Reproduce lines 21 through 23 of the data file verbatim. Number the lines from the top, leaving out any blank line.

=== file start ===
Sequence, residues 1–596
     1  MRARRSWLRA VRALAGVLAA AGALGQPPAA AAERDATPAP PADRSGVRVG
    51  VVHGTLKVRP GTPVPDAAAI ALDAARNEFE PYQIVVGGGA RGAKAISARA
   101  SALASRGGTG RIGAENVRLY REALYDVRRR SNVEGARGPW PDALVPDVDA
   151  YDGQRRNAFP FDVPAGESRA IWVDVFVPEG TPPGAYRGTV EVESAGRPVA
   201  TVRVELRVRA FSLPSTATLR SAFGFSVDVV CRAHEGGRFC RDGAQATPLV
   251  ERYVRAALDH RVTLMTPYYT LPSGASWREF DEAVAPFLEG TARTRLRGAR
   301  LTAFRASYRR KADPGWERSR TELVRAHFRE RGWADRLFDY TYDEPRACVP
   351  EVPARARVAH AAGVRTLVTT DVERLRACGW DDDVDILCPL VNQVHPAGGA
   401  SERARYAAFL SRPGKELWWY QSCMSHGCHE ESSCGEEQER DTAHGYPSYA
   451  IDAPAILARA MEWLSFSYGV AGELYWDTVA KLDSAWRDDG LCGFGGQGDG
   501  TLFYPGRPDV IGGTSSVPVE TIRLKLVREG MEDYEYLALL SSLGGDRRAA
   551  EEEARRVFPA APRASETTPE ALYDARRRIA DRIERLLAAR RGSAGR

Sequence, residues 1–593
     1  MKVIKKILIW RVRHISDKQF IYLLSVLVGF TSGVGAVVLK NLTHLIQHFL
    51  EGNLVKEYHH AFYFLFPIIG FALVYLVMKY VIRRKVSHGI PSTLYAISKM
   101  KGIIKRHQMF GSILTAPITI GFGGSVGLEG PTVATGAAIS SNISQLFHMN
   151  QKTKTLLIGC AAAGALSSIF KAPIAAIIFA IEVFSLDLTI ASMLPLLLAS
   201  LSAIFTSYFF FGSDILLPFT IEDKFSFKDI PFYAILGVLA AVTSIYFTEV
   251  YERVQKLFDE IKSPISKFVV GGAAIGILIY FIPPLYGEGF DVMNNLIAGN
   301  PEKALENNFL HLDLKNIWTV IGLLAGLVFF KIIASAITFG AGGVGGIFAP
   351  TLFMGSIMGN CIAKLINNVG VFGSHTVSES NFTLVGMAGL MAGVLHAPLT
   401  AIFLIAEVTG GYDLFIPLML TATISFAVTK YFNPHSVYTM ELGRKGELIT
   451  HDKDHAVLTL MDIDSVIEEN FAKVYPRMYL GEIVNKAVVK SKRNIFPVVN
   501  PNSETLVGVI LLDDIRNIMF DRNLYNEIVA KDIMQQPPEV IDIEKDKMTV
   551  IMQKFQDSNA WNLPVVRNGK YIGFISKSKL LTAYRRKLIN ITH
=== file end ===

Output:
   301  PEKALENNFL HLDLKNIWTV IGLLAGLVFF KIIASAITFG AGGVGGIFAP
   351  TLFMGSIMGN CIAKLINNVG VFGSHTVSES NFTLVGMAGL MAGVLHAPLT
   401  AIFLIAEVTG GYDLFIPLML TATISFAVTK YFNPHSVYTM ELGRKGELIT